A single individual efficiently manages a fish farm, tending to timely feeding, water quality checks, monitoring fish nutrition and growth, and preventing diseases. This individual is both a farmer and an entrepreneur, made possible through technology. Dr. Md. Tanvir Hossain Chowdhury's innovation showcases how IoT technology enables a person to oversee a fish farm. Similarly, a farmer utilizes a mobile app to tend to crops, taking snapshots of crops and receiving immediate guidance on care methods via AI and machine learning algorithms.

 Bangladesh has already entered the era of technology-driven smart agriculture, advancing rapidly to simplify farming processes and cultivate smart agricultural practices, thereby reducing labor. The 'Krishi Batayon' service offers farmers a consolidated platform to access accurate crop information seek expert advice, and avail of various government services. Moreover, it provides details about over 5,500 markets, empowering farmers with comprehensive market insights.

  Bangladesh's agricultural sector is undergoing a revitalization towards commercial farming. Despite dwindling land resources, three critical challenges confront the country's agriculture: meeting the food demands of a growing population, boosting the production of new crops for global exports, and enhancing production efficiency. Addressing labor shortage has already commenced; weed control is now managed through medicines, and the advent of combined harvesters signals the onset of mechanization. The introduction of new crops and cultivation methods marks a shift towards commercial agriculture, shaping the future of a smarter Bangladesh. As the artisans, we must strategize. Innovative ideas will emerge as we navigate the challenges ahead: shrinking land availability, declining water levels, and climate-related issues. Embracing hybrid crops is crucial, but we must explore alternative methods like floating agriculture. With access to information services, farmers can envision boosting production through innovative approaches. It's a time for inventive thinking.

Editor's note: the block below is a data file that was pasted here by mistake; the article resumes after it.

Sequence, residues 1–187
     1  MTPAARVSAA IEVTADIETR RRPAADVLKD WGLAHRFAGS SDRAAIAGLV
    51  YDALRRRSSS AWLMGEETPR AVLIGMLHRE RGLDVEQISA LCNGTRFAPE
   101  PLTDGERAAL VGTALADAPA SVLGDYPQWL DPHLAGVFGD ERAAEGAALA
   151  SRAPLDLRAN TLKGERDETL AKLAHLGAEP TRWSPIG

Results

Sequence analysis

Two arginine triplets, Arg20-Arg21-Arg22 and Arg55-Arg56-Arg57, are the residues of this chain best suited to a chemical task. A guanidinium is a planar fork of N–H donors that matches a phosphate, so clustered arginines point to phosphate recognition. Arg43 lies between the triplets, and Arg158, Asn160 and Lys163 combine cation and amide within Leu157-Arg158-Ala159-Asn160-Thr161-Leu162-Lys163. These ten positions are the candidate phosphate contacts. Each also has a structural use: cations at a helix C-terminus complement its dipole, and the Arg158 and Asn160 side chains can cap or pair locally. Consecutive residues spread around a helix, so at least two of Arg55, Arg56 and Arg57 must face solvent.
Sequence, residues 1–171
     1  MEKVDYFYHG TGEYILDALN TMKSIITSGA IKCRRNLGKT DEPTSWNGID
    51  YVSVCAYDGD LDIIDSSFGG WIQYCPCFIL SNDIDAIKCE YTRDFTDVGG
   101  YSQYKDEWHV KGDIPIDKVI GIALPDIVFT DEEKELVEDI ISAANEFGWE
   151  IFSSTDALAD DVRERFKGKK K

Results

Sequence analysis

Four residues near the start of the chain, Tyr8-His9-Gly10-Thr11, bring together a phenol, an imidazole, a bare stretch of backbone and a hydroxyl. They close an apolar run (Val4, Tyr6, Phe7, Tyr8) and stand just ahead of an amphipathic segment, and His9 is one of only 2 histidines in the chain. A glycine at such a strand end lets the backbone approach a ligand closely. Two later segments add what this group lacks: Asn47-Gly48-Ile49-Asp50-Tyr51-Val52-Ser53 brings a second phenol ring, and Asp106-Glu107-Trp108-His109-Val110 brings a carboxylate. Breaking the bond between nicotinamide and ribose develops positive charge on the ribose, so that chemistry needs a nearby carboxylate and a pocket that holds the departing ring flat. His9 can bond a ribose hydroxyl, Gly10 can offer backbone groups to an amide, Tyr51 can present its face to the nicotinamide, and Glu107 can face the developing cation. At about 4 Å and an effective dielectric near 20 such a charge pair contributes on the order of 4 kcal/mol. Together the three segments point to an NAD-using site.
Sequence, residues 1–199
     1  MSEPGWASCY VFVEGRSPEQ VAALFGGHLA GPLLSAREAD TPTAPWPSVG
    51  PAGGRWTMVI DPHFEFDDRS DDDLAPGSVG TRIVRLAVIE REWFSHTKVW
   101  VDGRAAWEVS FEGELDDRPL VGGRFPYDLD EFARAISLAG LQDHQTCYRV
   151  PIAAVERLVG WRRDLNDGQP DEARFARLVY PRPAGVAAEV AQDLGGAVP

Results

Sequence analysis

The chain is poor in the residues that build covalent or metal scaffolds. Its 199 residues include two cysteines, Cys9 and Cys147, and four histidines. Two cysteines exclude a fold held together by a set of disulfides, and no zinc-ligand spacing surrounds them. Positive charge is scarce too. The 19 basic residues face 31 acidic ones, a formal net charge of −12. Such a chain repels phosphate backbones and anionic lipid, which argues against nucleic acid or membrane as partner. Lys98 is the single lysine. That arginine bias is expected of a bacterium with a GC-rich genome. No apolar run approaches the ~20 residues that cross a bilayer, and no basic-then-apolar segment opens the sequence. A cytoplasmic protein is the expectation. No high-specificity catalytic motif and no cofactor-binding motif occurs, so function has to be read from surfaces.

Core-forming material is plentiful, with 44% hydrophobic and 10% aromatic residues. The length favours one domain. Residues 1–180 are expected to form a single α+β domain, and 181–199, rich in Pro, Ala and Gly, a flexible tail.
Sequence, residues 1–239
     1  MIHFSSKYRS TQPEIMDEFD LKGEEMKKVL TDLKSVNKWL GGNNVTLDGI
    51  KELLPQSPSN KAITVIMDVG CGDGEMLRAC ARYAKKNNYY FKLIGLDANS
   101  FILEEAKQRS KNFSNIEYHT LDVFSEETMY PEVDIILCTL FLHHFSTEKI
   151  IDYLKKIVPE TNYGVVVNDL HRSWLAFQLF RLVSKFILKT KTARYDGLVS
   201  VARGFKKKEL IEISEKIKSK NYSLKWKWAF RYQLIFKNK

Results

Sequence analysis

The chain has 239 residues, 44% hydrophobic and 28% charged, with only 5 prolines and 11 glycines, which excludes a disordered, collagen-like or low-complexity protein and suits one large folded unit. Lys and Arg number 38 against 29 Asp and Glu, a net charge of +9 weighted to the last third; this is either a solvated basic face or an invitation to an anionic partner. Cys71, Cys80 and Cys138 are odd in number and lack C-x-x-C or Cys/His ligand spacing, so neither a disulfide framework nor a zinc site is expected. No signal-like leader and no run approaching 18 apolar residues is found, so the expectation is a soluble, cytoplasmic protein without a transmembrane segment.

Today, many are leaving the capital Dhaka to engage in farming in villages, several others are returning from abroad to do the same. The farmers of 2041 will be well-educated, informed, and represent a new generation. They will command respect. Hence, integrating smart agriculture into rural practices is crucial. Timely training for farmers is essential, and where labor is lacking, integrating artificial intelligence, drones, or frontier technologies becomes imperative. Previously uncultivated lands like the Barindra Bhumi tract are now under cultivation. The future of smart agriculture will progress through a three-dimensional approach.

 By 2041, the archetype of the traditional farmer, Goni Mia, will undergo a complete transformation. No longer confined to working on others' lands, he'll emerge as both a farmer and an entrepreneur. He won't leave his fate to the whims of the weather or wander in search of solutions. Instead, he'll forge his path. Thousands of farmers, educated locally and internationally, will embody the spirit of this evolved Goni Mia—a community of smart farmers in a smart Bangladesh. Each adept at solving their challenges, every farmer will embrace technology, ensuring every family and district reaps the benefits. Smart agriculture will epitomize the essence of a smart Bangladesh.